This article throws light upon the seven main legal aspects of business merger. The aspects are: 1. Analysis of Proposal by the Companies 2. Determining Exchange Ratios 3. Approval of Board of Directors 4. Approval of Shareholders 5. Consideration of Interests of the Creditors 6. Approval of the Court 7. Approval of Reserve Bank of India.

Merger: Legal Aspects # 1. Analysis of Proposal by the Companies:

Whenever a proposal for amalgamation or merger comes up then managements of concerned companies look into the pros and cons of the scheme. The likely benefits such as economies of scale, operational economies, improvements in efficiency, reduction in costs, benefits of diversification, etc. are clearly evaluated.

The likely reactions of shareholders, creditors and others are also assessed. The taxation implications are also studied. After going through the whole analysis work, it is seen whether the scheme will be beneficial or not. It is pursued further only if it will benefit the interested parties otherwise the scheme is shelved.

Merger: Legal Aspects # 2. Determining Exchange Ratios:

The amalgamation or merger schemes involve exchange of shares. The shareholders of amalgamated companies are given shares of the amalgamated company. It is very important that a rational ratio of exchange of shares should be decided. Normally a number of factors like book value per share, market value per share, potential earnings, and value of assets to be taken over are considered for determining exchange ratios.

Merger: Legal Aspects # 3. Approval of Board of Directors:


After discussing the amalgamation scheme thoroughly and negotiating the exchange ratios, it is put before the respective Board of Directors for approval.

Merger: Legal Aspects # 4. Approval of Shareholders:

After the approval of this scheme by the respective Boards of Directors, it must be put before the shareholders. According to section 391 of Indian Companies Act, the amalgamation scheme should be approved at a meeting of the members or class the of members, as the case may be, of the respective companies representing three-fourth in value and majority in number, whether present in person or by proxies.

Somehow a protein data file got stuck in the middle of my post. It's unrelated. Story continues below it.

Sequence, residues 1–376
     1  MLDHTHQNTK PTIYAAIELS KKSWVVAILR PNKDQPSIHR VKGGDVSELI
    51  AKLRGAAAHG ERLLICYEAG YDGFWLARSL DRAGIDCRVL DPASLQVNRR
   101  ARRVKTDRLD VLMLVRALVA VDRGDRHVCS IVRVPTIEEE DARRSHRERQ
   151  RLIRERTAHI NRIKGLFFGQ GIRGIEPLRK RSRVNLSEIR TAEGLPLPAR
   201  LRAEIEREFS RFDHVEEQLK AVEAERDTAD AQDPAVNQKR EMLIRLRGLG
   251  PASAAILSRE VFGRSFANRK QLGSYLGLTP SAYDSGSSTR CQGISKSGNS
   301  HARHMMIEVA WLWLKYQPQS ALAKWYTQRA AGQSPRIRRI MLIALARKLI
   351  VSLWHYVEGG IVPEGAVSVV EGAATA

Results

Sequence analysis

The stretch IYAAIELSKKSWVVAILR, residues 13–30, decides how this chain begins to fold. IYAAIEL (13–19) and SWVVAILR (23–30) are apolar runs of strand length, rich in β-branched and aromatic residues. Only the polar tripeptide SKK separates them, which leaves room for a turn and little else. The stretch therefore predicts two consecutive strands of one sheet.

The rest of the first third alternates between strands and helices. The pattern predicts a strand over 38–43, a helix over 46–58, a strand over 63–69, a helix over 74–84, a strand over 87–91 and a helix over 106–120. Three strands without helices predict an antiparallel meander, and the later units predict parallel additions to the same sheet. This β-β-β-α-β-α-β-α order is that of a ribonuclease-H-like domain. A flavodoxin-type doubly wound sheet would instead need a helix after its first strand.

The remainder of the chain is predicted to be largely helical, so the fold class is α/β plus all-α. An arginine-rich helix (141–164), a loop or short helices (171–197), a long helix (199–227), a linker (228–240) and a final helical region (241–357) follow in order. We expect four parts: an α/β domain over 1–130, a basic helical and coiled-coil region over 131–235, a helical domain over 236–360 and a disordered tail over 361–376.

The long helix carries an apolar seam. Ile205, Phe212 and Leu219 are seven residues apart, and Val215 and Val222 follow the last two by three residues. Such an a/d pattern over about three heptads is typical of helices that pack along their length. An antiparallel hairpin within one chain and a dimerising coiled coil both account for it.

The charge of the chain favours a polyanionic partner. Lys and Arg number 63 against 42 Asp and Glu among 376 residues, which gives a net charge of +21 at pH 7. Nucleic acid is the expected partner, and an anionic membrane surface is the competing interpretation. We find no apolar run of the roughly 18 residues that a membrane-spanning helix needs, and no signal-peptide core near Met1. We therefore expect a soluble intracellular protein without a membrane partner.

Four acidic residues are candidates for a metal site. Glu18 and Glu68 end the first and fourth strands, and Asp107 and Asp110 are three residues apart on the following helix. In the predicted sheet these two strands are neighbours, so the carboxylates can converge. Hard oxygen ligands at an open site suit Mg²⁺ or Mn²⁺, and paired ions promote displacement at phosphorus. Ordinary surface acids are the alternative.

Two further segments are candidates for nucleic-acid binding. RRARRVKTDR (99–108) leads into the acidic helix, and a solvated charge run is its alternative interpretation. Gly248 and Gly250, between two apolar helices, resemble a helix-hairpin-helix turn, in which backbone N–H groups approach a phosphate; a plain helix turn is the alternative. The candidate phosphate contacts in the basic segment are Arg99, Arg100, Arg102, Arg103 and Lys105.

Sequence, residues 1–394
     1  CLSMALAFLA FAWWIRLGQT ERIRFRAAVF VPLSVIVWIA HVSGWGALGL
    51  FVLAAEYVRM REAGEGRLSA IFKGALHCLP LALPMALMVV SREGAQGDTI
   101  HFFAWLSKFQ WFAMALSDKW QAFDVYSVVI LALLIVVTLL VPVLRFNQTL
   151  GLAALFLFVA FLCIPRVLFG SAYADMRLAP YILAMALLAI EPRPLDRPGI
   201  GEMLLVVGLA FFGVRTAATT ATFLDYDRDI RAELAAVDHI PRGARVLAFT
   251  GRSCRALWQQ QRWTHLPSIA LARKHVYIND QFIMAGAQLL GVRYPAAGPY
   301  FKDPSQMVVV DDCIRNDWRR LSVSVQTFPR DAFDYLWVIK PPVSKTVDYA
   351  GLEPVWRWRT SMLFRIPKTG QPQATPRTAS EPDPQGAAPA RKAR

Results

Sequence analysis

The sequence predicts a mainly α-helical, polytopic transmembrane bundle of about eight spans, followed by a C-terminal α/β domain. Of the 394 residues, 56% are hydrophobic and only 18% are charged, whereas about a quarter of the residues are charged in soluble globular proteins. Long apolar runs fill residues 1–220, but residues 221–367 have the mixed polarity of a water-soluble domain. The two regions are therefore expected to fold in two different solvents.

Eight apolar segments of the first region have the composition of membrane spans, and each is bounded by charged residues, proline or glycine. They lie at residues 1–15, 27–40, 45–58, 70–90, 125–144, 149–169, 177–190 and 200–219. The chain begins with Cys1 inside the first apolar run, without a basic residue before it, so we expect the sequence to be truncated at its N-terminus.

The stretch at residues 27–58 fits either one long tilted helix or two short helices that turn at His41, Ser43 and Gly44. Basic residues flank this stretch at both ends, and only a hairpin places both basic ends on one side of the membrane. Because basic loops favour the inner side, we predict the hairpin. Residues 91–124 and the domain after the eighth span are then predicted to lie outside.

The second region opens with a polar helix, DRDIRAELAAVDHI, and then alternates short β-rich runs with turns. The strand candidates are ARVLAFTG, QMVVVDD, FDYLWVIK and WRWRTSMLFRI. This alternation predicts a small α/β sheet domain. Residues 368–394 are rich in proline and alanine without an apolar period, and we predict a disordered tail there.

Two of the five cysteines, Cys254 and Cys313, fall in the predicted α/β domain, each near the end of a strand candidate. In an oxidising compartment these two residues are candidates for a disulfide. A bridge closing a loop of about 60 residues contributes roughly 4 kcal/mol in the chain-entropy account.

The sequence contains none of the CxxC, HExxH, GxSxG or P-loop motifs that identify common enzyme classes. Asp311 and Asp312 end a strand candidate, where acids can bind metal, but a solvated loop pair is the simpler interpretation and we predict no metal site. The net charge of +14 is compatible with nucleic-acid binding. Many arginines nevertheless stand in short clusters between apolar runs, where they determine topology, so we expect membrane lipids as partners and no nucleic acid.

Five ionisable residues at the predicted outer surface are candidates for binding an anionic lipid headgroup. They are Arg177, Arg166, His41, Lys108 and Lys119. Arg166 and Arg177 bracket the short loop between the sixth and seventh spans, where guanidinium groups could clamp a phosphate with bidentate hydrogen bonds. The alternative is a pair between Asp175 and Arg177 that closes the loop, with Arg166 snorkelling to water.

In case the scheme involves exchange of shares, it is necessary that is approved by not less than 90 per cent of the shareholders (in value) of the transferor company to deal effectively with he dissenting shareholders.

Merger: Legal Aspects # 5. Consideration of Interests of the Creditors:

The views of creditors should also be taken into consideration. According to section 391, amalgamation scheme should be approved by majority of creditors in numbers and three-fourth in value.

Merger: Legal Aspects # 6. Approval of the Court:


After getting the scheme approved, an application is filed in the court for its sanction. The court will consider the viewpoint of all parties appearing, if any, before it, before giving its consent. It will see that the interest of all concerned parties is protected in the amalgamation scheme.

The court may accept, modify or reject an amalgamation scheme and pass orders accordingly. However, it is upto the shareholders whether to accept the modified scheme or not.

It may be noted that no scheme of amalgamation can go through unless the Registrar of Companies sends a report to Court to the effect that the affairs of the company have not been conducted as to be prejudicial to the interests of its members or to the public interest.

Merger: Legal Aspects # 7. Approval of Reserve Bank of India:

In terms of Section 19 (1) (d) of the Foreign Exchange Regulation Act, 1973, permission of the RBI is required for the issue of any security to a person resident outside India Accordingly, in a merger, the transferee company has to obtain permission before issuing shares in exchange of shares held in the transferor company.


Further, Section 29 restricts the acquisition of the whole or any part of any undertaking in India in which non-residents’ interest is more than the specified percentage.